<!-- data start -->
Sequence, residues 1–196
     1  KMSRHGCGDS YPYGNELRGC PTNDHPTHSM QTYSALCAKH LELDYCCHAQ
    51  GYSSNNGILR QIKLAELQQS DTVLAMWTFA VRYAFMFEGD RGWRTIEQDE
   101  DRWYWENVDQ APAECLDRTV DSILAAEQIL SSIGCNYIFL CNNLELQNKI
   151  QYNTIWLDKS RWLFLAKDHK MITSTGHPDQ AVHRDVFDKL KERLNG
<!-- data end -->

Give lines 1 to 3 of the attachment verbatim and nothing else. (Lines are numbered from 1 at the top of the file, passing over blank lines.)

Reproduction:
Sequence, residues 1–196
     1  KMSRHGCGDS YPYGNELRGC PTNDHPTHSM QTYSALCAKH LELDYCCHAQ
    51  GYSSNNGILR QIKLAELQQS DTVLAMWTFA VRYAFMFEGD RGWRTIEQDE